Psalm 75 today, another psalm written by Asaph.  It is a psalm written to encourage faith, especially as people see apparent injustice occur to them personally and to the nation generally.  How should one respond to personal hurts, to evil all around us, those hurts and evil where it seems people “get away with it?”  The psalmist gives us these principles by which to live when this happens.

  1. Begin with thanksgiving to God (vs 1).  Know that he is “near”.  He has not left or deserted you.  Remember his mighty miracles in your life.  People everywhere, the psalmist says, have miracle stories.  Remember them.  Tell them.  Begin each day with a heart of praise and thanksgiving.
  2. Remember this promise from God (vs 2):  “God Says, ‘At the time I have planned, I will bring justice against the wicked.”  God controls all.  He has seen what the wicked have done to you and others.  There is a day of reckoning.  But God controls it.  It will happen.  Have faith.  Believe it will occur.
  3. Remind yourself of God’s total sovereignty (vs 3).  Even when there are earthquakes, God is holding the foundations of the earth firm.  Nothing is beyond him, even this evil you’ve observed and experienced.
  4. God hates the proud (vss 4,5).  Their boasting now seems to exalt themselves but they are nothing to God.  They will face God one day in their arrogance.
  5. Remember that only God can raise someone from the dead (vs 6)!  Only he possesses that power.  Therefore, if only God can do this...
  6. Only God can judge someone (vs 7).  Only he can decide who rises and falls.  That is his sole, sovereign right.  But...
  7. Rest assured, he will exercise that right one day.  All the proud, arrogant and wicked will one day be forced to “drink” the cup of God’s wrath (vs 8).  The “cup” in the Bible is always symbolic of God’s wrath poured out on disobedient, unfaithful people.  Israel had to “drink the cup” of God’s wrath and judgment when the Babylonians were God’s instrument against them.  Astoundingly, in the Garden, Jesus asked if there was any way he didn’t have to drink of “the cup.”  He was asking the Father if there was any other way than the Cross, than to take God’s wrath upon himself for our benefit.  It was not because he didn’t love us.  Oh, how he does love us!  Simply, it was because he knew at that moment of God’s wrath poured upon his Son, he would be separated from his holy Father in heaven.  That thought was too much for him to bear.  Was there another way?  The Father said “No”.  In humility, Jesus submitted.  That’s why the Father lifted him up in the Resurrection!  God will pour out his wrath one day, in his time, in his way.  But as you wait, always remember this truth:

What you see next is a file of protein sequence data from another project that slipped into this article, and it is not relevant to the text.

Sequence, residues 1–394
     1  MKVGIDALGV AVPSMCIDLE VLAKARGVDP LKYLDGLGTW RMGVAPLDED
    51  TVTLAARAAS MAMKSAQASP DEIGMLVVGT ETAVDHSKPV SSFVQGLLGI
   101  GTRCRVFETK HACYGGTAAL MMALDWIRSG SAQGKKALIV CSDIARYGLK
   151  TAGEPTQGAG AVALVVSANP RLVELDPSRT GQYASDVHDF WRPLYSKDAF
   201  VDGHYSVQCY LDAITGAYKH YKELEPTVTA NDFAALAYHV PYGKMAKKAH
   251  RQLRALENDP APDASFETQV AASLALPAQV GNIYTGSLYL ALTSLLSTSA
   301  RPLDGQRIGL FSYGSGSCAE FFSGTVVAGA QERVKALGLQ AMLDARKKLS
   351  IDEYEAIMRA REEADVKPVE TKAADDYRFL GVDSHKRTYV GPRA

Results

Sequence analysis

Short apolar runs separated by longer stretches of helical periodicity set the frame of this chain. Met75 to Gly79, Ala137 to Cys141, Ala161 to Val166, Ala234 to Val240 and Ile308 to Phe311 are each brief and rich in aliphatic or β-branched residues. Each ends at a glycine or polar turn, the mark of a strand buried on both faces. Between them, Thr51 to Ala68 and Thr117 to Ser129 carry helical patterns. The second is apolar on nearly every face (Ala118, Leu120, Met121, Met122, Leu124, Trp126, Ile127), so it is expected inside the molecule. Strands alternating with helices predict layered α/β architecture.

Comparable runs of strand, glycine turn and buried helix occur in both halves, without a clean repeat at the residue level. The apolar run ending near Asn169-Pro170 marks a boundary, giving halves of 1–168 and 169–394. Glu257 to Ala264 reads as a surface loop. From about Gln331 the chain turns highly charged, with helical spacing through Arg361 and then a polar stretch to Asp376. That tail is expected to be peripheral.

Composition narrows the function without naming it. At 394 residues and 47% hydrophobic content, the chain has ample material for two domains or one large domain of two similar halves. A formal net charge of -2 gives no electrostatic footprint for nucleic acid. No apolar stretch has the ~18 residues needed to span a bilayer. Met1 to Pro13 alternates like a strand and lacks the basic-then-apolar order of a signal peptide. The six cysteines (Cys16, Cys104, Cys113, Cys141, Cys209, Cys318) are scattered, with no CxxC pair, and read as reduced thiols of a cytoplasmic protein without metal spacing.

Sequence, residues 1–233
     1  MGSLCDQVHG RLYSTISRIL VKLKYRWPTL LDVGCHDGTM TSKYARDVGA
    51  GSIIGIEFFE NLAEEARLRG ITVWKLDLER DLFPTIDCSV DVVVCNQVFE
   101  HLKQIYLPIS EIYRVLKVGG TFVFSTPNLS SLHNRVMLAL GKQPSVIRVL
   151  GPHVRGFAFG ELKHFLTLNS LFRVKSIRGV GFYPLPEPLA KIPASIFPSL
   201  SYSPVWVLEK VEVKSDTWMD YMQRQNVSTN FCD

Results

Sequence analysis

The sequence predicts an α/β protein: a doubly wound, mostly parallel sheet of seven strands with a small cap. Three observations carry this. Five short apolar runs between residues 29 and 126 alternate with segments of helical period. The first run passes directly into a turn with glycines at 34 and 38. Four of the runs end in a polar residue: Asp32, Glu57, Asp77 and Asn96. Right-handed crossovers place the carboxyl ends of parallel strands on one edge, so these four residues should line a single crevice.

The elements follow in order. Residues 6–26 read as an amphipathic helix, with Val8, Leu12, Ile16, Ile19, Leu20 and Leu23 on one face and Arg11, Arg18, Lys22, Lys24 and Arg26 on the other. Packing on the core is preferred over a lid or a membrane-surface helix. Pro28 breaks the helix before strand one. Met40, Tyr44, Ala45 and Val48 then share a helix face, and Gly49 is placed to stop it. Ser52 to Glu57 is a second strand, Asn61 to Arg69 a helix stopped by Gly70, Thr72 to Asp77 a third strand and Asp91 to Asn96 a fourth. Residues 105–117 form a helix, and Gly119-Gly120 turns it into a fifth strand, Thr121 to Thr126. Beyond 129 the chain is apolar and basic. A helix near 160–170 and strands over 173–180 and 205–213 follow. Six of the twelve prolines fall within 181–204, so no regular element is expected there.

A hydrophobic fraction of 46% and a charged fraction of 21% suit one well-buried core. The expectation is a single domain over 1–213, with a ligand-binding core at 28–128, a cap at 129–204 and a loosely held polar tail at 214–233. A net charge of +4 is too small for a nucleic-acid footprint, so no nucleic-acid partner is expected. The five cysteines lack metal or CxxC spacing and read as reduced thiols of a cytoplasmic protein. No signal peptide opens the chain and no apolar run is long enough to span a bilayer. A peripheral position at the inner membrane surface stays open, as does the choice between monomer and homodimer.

8. “But as for me...” the psalmist concluded.  Realize you can’t affect what others do.  You can’t affect what God does.  You can only affect your own life.  “But as for me...”  As you wait for God’s justice, as hard on our faith walk as it is sometimes, continue to sing praises to God.  Continue to tell others of his greatness and power, his sovereignty an love!  Grow your faith.  Refuse despair.
  9. But also, as you praise, give thanks, sing to God’s glory, remember that they day of reckoning for the wicked WILL come.  Vs 10: “For God says, ‘I will cut off the strength of the wicked, but I will increase the power of the Godly.”  That is a promise from the sovereign Lord of the universe.

Ask God today for more of his strength and power as you desire to love and serve your Risen King, the Lord Jesus Christ.

“Strength will rise as we wait upon the Lord.”

AuthorCasey Shannon